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By NYClimber
From New York
Apr 15, 2012
Awesome slab climb right out of the water! Rogers Rock, Lake George, NY. Summer 2013.
PS I am a RN. Aspirin - aka 'ASA' - is not a anti-inflammatory drug.

Ibuprofen is what Motrin is. They are in a class called NSAID's - Non Steroidal Anti-Inflammatory Drugs.

ASA has no anti-inflammatory properties to it but to offers anti-coagulation benefits for those who have had a heart attack before, and a 81 mg tab per day is said to help prevent one as well. However, both ASA and NSAID's can cause stomach and GI bleeding over time for some - so one has to be careful and outweigh the benefits versus the risks.

But if you are looking to treat inflammation - such a tendonitis - skip the ASA and go with the Motrin.

Any other questions - just ask!

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By Hansel
From Boulder, CO
Apr 15, 2012
My ride
Michael Urban wrote:
But if you are looking to treat inflammation - such a tendonitis - skip the ASA and go with the Motrin.


One would be much better off avoiding ibuprofen or any of its derivatives while trying to heal tendonitis, as it will only delay healing and increase the likelihood of future injury. See Gabe K's post and links above.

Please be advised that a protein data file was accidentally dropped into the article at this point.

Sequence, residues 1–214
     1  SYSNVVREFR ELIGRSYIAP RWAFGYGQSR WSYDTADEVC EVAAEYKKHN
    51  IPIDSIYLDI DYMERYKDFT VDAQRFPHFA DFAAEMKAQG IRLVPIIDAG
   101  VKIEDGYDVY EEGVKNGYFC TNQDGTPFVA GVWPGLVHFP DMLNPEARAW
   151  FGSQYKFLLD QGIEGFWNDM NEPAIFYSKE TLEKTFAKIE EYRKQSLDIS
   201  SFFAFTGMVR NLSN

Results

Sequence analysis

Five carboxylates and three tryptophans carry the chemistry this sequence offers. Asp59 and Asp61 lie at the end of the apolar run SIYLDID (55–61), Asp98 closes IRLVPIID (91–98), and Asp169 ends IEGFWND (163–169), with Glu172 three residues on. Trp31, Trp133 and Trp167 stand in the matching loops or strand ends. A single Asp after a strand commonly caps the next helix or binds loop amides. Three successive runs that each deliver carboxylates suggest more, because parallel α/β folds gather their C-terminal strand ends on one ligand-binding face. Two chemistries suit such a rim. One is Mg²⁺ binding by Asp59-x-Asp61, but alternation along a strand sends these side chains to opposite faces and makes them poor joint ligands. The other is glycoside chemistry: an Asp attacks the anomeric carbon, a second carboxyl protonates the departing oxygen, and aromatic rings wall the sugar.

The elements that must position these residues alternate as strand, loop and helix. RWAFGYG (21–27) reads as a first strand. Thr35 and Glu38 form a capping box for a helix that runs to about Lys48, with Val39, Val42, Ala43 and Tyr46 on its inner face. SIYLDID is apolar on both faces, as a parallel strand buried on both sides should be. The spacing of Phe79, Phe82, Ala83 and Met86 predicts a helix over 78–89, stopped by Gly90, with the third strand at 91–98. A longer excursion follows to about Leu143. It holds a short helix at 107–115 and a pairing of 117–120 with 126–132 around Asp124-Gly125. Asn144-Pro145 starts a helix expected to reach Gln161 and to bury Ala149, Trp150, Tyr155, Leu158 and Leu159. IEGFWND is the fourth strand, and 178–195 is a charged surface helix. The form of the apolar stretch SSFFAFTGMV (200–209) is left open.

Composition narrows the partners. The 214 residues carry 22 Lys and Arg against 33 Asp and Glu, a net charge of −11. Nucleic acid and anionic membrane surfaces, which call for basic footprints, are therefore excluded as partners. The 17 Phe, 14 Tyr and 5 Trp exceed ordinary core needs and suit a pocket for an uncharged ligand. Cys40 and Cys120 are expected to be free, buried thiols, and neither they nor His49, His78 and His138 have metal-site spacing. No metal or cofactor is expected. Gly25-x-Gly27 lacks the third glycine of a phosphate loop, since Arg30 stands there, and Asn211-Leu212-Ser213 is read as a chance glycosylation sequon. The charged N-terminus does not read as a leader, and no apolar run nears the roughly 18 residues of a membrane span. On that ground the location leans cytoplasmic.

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By Old and Busted
From Centennial, CO
Apr 15, 2012
Stabby
A little bit of thread drift here, but does anybody know WTF happened to Excedrin? I know they recalled a batch a while ago due to something like broken pill issues, but that was months ago and no sign of the stuff coming back. It seems a little conspiratorial.

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By Buff Johnson
Apr 15, 2012
smiley face
A little bit of an issue with percocet & morphine getting into the process. I guess they have to revamp a bunch of stuff. Excedrin would be good to have again; works for me.

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By NYClimber
From New York
Apr 15, 2012
Awesome slab climb right out of the water! Rogers Rock, Lake George, NY. Summer 2013.
Tendonitis is a difficult inflammation to get to heal being the tendons don't readily have a blood supply, etc - and even cortisone shots don't typically do much for it as well. Usually it's a time factor for them to heal unless torn, etc.

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By Rob Fielding
From Las Vegas, NV
Apr 15, 2012
Third pillar of dana descent.
Michael,

I think you need to review your pharmacology because aspirin is definately labeled a NSAID... as well as many other properties.

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By Old and Busted
From Centennial, CO
Apr 15, 2012
Stabby
Percoset and Morphine? No wonder it worked so well.